As you share financially through Mission Tithes, or if you give regularly through eTithing, please use this time to consider your commitment and how you will tithe to your true capacity of time, talent, and testimony.
Blessing and Receiving of Local and Worldwide Mission Tithes
For additional ideas, see Disciples’ Generous Response Tools at www.CofChrist.org/disciples-generous-response-tools.
Prayer for Peace
Light the peace candle.
“Peace Child” CCS 402
OR “Comfort, Comfort Now My People” CCS 407
Spoken as a prayer or sung as solo or ensemble.
For more ideas, the Daily Prayer for Peace services offered at the Temple in Independence, Missouri, can be found on the church’s website as Calendar Events at www.CofChrist.org/daily-prayer-for-peace.
First Sunday of Advent Homily
Based on Luke 21:25–36
Sacrament of the Lord’s Supper
Confession and Assurance
Scripture Reading of Covenant: Psalm 25:6–10
For I received from the Lord what I also handed on to you, that the Lord Jesus on the night when he was betrayed took a loaf of bread, and when he had given thanks, he broke it and said, “This is my body that is for you. Do this in remembrance of me.” In the same way he took the cup also, after supper, saying, “This cup is the new covenant in my blood. Do this, as often as you drink it, in remembrance of me.” For as often as you eat this bread and drink the cup, you proclaim the Lord’s death until he comes. —1 Corinthians 11:23–26
Based on the sacrament of Communion
Hymn of Preparation and Preparation of the Emblems
“Coming Together for Wine and for Bread” CCS 516
OR “Wait for the Lord” (sing several times) CCS 399
Invitation to the Table
In Community of Christ the Lord’s Supper is a sacrament in which we remember the life, death, and living presence of Jesus Christ. Through partaking of the emblems, we renew the covenant we made through baptism, reconcile and strengthen relationships, and commit ourselves to Christ’s mission in the world (Doctrine and Covenants 164:4). Others may have different or added understandings within their faith traditions. We invite all who participate in the Lord’s Supper to do so as an expression of the love and peace of Jesus Christ, in whose name we worship. All are welcome at Christ’s table.
Blessing and Serving of the Bread and Wine
Hymn of Sending Forth
“Blessed Be the God of Israel” CCS 396
OR “We Wait in Hope for the Lord” CCS 267
OR “All Earth Is Hopeful/Toda la tierra” CCS 392/393 OR “God Almighty, We Are Waiting” CCS 397
Beloved children of the Restoration, your continuing faith adventure with God has been divinely-led, eventful, challenging, and sometimes surprising to you. By the grace of God, you are poised to fulfill God’s ultimate vision for the church.
When your willingness to live in sacred community as Christ’s new creation exceeds your natural fear of spiritual and relational transformation, you will become who you are called to be. The rise of Zion the beautiful, the peaceful reign of Christ, awaits your wholehearted response to the call to make and steadfastly hold to God’s covenant of peace in Jesus Christ.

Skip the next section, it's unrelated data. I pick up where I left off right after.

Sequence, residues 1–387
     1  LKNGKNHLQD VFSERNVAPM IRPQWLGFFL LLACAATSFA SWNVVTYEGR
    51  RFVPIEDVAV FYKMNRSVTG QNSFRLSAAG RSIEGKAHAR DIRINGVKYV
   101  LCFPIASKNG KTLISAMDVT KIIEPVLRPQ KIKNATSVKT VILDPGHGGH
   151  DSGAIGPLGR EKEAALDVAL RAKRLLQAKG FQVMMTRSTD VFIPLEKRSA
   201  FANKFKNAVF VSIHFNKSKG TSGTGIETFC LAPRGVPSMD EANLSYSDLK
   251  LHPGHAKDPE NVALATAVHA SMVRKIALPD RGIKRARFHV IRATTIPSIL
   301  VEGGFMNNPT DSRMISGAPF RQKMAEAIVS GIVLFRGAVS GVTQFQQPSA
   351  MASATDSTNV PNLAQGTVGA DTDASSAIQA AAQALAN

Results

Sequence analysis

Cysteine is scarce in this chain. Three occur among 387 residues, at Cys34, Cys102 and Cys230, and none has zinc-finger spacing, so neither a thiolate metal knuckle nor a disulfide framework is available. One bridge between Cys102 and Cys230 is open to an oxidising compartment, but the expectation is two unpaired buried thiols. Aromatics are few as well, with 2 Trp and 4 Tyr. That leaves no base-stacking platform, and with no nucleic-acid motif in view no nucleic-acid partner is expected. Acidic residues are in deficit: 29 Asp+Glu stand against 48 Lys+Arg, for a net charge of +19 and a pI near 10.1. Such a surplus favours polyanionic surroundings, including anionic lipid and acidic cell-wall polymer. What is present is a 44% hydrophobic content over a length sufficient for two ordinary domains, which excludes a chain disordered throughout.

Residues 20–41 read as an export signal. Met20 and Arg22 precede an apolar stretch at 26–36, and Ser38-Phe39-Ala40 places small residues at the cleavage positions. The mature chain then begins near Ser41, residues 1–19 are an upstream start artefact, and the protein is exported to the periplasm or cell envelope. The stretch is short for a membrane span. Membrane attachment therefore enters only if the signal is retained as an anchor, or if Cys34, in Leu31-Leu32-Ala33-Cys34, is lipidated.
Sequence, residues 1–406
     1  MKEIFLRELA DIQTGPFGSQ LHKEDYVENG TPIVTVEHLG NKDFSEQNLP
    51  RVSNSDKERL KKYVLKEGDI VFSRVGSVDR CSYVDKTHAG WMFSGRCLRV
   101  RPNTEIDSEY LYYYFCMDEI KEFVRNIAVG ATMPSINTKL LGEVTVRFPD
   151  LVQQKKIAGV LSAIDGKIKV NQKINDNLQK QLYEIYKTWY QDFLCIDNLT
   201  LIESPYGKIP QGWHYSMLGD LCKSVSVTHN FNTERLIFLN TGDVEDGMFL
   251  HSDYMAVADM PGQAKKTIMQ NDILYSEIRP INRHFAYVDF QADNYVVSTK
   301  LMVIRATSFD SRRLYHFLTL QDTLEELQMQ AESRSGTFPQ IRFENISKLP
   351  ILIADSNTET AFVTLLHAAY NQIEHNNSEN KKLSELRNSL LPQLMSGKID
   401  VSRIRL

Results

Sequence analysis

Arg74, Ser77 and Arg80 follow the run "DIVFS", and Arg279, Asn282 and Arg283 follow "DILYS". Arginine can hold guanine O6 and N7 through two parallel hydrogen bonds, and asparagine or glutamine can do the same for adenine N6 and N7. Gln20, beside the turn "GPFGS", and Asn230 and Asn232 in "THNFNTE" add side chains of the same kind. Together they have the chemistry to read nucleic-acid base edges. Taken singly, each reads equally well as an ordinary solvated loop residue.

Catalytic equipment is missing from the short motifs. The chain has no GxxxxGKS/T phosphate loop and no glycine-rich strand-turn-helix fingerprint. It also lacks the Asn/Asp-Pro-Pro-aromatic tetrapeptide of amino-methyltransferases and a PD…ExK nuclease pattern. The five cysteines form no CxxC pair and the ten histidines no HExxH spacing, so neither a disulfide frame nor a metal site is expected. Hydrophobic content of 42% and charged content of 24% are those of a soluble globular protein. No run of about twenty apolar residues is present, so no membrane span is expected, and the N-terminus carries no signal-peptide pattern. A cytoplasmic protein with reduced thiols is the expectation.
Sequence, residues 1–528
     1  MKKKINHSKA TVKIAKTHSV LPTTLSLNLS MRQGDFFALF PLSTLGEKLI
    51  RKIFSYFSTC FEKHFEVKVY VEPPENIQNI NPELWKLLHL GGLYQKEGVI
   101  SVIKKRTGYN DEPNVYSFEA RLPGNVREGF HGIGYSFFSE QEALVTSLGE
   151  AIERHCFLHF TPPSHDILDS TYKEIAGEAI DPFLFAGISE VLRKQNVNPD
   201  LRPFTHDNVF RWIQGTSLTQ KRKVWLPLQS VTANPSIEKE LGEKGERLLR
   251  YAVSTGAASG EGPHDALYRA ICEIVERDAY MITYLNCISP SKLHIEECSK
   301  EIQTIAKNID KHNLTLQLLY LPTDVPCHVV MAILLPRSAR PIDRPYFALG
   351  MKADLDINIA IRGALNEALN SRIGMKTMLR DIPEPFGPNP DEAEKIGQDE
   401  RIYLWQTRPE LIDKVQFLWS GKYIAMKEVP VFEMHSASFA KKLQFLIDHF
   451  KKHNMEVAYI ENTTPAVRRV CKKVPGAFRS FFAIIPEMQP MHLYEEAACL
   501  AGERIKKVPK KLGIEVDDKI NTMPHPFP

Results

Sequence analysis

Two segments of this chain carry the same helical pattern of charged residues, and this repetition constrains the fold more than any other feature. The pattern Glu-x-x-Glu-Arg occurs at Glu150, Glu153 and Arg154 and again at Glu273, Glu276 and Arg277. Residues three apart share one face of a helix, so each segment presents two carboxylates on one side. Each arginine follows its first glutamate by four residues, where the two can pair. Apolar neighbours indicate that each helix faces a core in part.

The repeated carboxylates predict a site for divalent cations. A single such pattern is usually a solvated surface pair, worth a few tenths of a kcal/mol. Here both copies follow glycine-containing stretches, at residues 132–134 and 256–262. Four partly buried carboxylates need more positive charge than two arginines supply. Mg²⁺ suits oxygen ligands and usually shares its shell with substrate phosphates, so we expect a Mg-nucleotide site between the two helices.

Expand the church’s restoring ministries, especially those devoted to asserting the worth of persons, protecting the sacredness of creation, and relieving physical and spiritual suffering.
Embody and live the concerns and passion of Christ.
Now may our God make you to increase in love to one another and to all people and establish your hearts blameless in holiness. In the name of Emmanuel, God-with-us, amen.
—Doctrine and Covenants 164:9a–d and Thessalonians 3:12–13, adapted
First Sunday of Advent
Exploring the Scripture
Advent is the season of expectation in the liturgical calendar when we prepare for the light of the Savior to enter a darkened world. Advent means “coming” and the scripture text for today speaks to the coming of God’s reign through faith and hope in Jesus Christ.
Like Matthew and Mark, Luke closes the narrative on Jesus’ teachings in the temple with prophecies of judgment and proclamations of hope. At first glance, the scripture text seems inconsistent with the festivities that take place today during the Christmas season. Looking deeper we find this scripture text describes the prophetic fulfillment Jewish-Christian hearers of the gospel were expecting. It also speaks to the hope we have in Jesus Christ, even amid darkness.
The scripture passage begins just after Jesus has told of the temple’s coming destruction, Jerusalem’s occupation, and the Jewish people’s captivity and oppression. Jesus is speaking of the incredible and frightening signs and wonders that will foretell the coming of the Son of Man. Luke uses several images from prophetic writings in the Hebrew Scriptures to describe this event. Signs in the sky, earth, and sea all take place before the Son of Man returns. These signs suggest the coming redemption, meaning liberation from oppression and captivity. Jesus compares the signs to a fig tree. In the same way new growth represents the nearness of summer, these signs symbolize the nearness of God’s reign. This will all happen before the generation passes away.